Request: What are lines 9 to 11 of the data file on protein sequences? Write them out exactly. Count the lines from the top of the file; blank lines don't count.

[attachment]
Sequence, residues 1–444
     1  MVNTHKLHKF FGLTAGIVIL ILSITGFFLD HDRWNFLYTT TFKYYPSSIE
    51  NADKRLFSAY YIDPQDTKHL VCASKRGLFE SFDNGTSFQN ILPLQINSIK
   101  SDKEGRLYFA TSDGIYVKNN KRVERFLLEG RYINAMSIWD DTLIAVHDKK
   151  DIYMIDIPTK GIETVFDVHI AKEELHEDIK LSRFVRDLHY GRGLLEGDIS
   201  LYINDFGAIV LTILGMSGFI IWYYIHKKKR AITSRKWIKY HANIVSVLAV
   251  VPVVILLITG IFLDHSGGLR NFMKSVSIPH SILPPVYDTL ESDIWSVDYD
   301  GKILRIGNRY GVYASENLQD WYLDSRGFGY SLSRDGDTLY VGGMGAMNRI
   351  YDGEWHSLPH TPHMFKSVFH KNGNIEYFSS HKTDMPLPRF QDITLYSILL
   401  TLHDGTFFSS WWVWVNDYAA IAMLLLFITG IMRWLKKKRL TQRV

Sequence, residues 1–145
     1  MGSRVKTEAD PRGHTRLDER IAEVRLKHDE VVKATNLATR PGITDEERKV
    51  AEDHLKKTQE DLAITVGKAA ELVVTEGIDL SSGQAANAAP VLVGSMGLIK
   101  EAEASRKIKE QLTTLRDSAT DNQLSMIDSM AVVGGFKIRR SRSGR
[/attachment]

   351  YDGEWHSLPH TPHMFKSVFH KNGNIEYFSS HKTDMPLPRF QDITLYSILL
   401  TLHDGTFFSS WWVWVNDYAA IAMLLLFITG IMRWLKKKRL TQRV

Sequence, residues 1–145